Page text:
Regional financial institutions should consolidate across geographical boundaries to help revive the economy, lawmaker Yasuhisa Shiozaki of the ruling Liberal Democratic Party said.

To strengthen rural areas, the nation should give priority to financial restructuring, said Shiozaki, 62, vice chairman of the LDP’s Policy Research Council.

“We need a financial sector that can support the vitality of industries and companies,” he said in an interview Tuesday.

There are more than 500 local financial institutions nationwide, including 64 first-tier regional banks and 41 smaller, second-tier lenders, according to the Financial Services Agency’s website.

Prime Minister Shinzo Abe, whose government cemented control of the Diet with its Upper House election victory Sunday, is expected to present a legislative growth strategy later this year to accompany monetary and fiscal stimulus.

“I don’t understand why regional financial institutions have to stay within their own prefectures at a time when the economy expands beyond geographical boundaries,” said Shiozaki. “They should branch out, or they simply won’t be able to catch up with the real economy.”

Little headway has been seen on realigning local financial institutions, in part because shareholders have been silent about their business management, he said.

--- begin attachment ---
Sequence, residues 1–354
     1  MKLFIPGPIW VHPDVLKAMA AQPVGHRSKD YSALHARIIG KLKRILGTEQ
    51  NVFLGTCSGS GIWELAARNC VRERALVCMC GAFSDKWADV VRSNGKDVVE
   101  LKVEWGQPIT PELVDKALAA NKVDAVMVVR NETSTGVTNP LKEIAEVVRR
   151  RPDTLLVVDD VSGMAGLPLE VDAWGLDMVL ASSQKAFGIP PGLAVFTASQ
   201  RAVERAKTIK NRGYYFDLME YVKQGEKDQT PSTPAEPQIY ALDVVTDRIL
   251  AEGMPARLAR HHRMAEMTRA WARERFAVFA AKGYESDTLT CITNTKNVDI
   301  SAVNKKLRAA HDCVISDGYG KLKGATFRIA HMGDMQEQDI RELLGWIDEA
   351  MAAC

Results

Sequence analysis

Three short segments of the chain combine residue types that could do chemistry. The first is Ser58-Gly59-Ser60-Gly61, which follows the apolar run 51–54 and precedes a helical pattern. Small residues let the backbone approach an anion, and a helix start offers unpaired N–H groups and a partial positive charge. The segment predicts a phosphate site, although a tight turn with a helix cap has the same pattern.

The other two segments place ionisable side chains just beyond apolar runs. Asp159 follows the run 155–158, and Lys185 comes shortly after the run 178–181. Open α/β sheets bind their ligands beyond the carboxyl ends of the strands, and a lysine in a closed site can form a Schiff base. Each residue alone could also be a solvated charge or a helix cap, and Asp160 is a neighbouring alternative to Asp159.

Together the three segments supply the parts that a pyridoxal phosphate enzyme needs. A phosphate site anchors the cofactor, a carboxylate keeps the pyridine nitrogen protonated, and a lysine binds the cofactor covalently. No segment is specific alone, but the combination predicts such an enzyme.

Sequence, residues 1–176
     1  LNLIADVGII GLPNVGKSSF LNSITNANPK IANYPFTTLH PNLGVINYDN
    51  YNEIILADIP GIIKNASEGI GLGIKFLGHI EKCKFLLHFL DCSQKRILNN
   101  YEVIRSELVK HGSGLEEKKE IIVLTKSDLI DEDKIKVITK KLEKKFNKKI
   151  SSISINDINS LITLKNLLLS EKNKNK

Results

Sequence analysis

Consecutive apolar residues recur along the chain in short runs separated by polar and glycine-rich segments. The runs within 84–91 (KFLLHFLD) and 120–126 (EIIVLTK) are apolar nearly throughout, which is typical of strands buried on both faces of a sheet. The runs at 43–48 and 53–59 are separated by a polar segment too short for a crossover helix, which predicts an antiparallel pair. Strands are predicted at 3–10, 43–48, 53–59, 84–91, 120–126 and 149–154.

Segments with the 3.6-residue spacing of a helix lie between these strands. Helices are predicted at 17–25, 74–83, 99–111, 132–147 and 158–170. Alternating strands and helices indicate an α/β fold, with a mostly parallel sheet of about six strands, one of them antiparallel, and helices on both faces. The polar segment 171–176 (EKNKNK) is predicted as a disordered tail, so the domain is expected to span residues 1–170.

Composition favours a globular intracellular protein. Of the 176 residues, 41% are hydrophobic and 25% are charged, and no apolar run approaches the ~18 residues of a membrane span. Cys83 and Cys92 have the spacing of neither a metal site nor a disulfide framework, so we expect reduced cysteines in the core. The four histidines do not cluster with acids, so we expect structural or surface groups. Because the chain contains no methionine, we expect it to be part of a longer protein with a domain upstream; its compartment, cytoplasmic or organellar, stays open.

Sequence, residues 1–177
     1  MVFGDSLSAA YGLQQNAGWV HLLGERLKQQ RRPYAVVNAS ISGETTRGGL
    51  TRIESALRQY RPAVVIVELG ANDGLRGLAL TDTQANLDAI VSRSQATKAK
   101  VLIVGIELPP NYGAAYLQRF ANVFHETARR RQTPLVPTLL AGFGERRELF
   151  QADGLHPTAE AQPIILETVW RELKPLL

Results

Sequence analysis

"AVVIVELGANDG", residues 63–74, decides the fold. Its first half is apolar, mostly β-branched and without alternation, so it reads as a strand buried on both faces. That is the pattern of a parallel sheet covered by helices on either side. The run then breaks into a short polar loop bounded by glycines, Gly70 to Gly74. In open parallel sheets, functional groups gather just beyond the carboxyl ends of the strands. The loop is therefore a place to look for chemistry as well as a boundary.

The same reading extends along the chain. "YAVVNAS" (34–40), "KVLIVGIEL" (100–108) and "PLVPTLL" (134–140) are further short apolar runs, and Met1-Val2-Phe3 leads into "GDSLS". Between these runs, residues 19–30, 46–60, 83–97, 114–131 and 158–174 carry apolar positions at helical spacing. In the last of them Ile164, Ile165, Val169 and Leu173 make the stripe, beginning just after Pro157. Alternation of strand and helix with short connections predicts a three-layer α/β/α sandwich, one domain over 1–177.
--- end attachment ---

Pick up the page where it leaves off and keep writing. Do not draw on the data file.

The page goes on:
Shiozaki, a former chief Cabinet secretary, cited Fukuoka Financial Group Inc. as an example of a successful merger of regional banks. He declined to identify potential future tie-ups between local lenders.

Fukuoka Financial, the nation’s second-biggest regional bank by assets, was created in April 2007 after Bank of Fukuoka Ltd. paid some ¥90 billion to purchase Kumamoto Family Bank Ltd. The group, based in Kyushu, agreed a month later to buy Shinwa Bank Ltd. for ¥76 billion.

“Restructuring and consolidation is an option for regional banks. But at the end of the day, that’s a managerial decision for individual banks and it doesn’t make sense to let the government take the lead,” Fukuoka Financial President Masaaki Tani, also chairman of Japan’s main regional bank lobby group, said in an interview July 18.

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